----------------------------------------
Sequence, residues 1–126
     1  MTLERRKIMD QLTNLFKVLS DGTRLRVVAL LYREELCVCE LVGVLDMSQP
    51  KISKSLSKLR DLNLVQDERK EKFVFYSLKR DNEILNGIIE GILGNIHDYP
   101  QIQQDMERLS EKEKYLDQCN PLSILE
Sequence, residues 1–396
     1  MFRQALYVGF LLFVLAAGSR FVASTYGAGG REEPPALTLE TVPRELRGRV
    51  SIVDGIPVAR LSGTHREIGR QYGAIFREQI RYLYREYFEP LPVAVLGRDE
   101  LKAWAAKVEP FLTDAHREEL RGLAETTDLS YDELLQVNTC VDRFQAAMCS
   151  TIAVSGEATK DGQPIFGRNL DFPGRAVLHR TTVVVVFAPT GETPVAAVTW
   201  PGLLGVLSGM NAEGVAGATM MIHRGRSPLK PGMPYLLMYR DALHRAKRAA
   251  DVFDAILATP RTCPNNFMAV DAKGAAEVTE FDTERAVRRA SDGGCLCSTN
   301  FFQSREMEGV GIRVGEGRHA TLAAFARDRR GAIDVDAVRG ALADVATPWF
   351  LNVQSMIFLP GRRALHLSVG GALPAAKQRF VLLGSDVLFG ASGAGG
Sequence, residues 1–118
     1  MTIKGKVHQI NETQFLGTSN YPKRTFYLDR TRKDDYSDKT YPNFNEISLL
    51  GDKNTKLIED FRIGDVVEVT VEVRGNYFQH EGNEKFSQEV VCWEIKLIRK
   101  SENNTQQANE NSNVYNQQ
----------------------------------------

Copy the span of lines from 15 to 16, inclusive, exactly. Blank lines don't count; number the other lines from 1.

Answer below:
     1  MTIKGKVHQI NETQFLGTSN YPKRTFYLDR TRKDDYSDKT YPNFNEISLL
    51  GDKNTKLIED FRIGDVVEVT VEVRGNYFQH EGNEKFSQEV VCWEIKLIRK